“Where’s the oldest pub in London?”

A text message from a friend. The query sounds simple enough but the truth is anything but clear unless the pedant’s answer, “London” is enough for you.

Google the phrase and the very first page turns up six candidates (The Old Cheshire Cheese; the Anchor Bankside; the Cittie of York; The Old Cock (Fleet St); The Lamb and Flag (Covent Garden); the Prospect of Whitby. Others suggested by various tourists dumb enough to be taken in and to diarise their credulity include the Old Mitre, the Old Shades, the Dove, the George and the Salisbury.

I suspect the answer is that we don’t really know, or that it depends on which measure you use’ oldest building, longest standing pub on the site, longest-standing continuous license, blah blah blah). The question has already begun to bore me so I can only imagine it will do the same to you. I write this to point you in the direction of a compendium of great stuff: The Pub In Literature. The site was set up to complement The Pub In Literature: England’s Altered State (a book I’ll get my hands on soon, I hope) but the site’s a goldmine for pub-related factlets for those of us who prefer to imagine the substance of a story and who like our information factoidal.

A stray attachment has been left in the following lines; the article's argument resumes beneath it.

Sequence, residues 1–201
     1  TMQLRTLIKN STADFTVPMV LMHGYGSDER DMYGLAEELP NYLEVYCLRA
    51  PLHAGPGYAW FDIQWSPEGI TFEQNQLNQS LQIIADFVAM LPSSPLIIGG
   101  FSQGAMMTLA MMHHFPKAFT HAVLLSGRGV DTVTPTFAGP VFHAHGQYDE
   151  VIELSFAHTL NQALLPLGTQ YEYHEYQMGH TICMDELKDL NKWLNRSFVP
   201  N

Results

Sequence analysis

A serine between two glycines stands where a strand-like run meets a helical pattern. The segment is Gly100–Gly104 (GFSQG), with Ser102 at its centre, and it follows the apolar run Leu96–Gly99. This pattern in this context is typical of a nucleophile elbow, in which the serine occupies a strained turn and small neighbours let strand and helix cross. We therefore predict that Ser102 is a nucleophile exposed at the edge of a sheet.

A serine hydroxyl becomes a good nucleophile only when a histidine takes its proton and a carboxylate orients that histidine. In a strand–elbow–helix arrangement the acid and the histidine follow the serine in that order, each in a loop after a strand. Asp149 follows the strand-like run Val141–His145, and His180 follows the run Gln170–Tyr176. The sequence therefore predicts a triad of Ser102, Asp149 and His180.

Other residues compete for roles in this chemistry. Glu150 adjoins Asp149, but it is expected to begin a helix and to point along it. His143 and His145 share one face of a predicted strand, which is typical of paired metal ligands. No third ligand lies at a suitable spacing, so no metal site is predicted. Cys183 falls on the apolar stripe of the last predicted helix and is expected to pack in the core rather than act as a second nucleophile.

We’re told that according to Popham (The Taverns of London Topographically Arranged, Second Edition,1928, another for the wish list) the oldest pub in London is a house by the name of the Lord Raglan in Aldersgate Street, re-built in the 1850s. Can this be The Raglan, St. Martins-Le-Grand (which is a continuation of Aldersgate St)? It seems a fairly unprepossessing pub to claim the title, but I’m prepared to believe, if only because it makes Fancyapint’s comment that there’s little more to say about this place look foolish.

A much more interesting question: which is the most famous pub in the world?